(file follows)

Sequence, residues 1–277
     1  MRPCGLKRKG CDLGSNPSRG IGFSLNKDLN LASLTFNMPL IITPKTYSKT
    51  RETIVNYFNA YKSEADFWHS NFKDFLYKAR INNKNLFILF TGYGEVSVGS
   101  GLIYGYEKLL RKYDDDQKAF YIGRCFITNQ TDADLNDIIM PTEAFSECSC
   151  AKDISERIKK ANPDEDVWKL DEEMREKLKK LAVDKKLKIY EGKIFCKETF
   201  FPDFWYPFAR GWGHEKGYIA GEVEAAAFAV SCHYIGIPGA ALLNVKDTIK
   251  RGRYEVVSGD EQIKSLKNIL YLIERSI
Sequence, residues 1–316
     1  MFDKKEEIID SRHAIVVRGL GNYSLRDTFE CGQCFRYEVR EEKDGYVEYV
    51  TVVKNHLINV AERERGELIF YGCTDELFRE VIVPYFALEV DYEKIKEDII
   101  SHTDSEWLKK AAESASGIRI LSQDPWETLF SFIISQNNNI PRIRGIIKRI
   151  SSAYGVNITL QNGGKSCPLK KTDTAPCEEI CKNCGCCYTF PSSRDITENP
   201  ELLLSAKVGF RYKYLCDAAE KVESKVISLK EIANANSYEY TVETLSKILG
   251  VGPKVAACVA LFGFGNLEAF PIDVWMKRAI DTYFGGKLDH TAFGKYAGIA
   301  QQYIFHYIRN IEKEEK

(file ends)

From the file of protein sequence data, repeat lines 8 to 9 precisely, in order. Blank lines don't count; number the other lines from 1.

Sequence, residues 1–316
     1  MFDKKEEIID SRHAIVVRGL GNYSLRDTFE CGQCFRYEVR EEKDGYVEYV